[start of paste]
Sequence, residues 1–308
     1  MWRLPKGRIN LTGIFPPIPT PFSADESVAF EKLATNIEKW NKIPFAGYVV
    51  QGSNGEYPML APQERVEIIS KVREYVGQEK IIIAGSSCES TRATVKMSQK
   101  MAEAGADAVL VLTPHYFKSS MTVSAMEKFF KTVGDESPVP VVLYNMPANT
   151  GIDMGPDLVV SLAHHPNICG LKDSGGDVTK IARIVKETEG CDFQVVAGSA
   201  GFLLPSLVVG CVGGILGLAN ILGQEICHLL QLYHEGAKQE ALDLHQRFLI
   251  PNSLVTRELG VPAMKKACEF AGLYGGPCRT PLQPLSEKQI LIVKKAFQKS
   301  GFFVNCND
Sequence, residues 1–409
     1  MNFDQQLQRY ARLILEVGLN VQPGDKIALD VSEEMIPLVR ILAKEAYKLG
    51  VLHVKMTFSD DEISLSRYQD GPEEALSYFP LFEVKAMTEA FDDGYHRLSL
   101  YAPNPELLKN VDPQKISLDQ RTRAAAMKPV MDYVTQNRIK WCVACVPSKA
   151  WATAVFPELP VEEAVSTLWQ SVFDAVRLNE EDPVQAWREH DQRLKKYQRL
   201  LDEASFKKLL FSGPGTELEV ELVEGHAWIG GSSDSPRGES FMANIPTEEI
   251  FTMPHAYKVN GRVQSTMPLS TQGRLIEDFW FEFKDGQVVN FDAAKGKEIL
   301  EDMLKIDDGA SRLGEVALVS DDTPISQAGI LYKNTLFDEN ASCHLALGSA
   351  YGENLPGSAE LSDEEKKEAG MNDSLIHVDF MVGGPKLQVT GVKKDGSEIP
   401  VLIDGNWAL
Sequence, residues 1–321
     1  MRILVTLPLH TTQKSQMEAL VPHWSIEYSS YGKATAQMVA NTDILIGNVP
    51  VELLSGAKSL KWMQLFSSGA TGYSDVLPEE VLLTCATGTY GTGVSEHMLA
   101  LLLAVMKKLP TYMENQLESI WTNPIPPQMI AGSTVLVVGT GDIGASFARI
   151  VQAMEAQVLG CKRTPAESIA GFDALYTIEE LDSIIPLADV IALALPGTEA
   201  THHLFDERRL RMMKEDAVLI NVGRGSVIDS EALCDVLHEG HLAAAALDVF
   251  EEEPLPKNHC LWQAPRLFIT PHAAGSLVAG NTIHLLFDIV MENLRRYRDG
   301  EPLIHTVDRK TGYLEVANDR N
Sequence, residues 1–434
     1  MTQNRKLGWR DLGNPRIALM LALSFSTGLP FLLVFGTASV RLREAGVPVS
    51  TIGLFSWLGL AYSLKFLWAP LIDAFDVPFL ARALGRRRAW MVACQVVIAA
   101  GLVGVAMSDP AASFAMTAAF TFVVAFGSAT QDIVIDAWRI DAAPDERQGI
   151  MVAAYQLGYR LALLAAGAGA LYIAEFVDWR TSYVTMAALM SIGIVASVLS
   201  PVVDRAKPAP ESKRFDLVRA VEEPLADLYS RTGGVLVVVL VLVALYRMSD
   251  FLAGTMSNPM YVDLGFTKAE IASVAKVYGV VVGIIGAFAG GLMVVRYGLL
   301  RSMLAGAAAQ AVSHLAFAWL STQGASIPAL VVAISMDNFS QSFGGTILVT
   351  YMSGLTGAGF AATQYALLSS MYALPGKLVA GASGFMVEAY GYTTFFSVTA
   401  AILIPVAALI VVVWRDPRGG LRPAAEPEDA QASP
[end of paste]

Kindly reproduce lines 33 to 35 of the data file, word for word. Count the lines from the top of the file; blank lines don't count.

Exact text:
   251  FLAGTMSNPM YVDLGFTKAE IASVAKVYGV VVGIIGAFAG GLMVVRYGLL
   301  RSMLAGAAAQ AVSHLAFAWL STQGASIPAL VVAISMDNFS QSFGGTILVT
   351  YMSGLTGAGF AATQYALLSS MYALPGKLVA GASGFMVEAY GYTTFFSVTA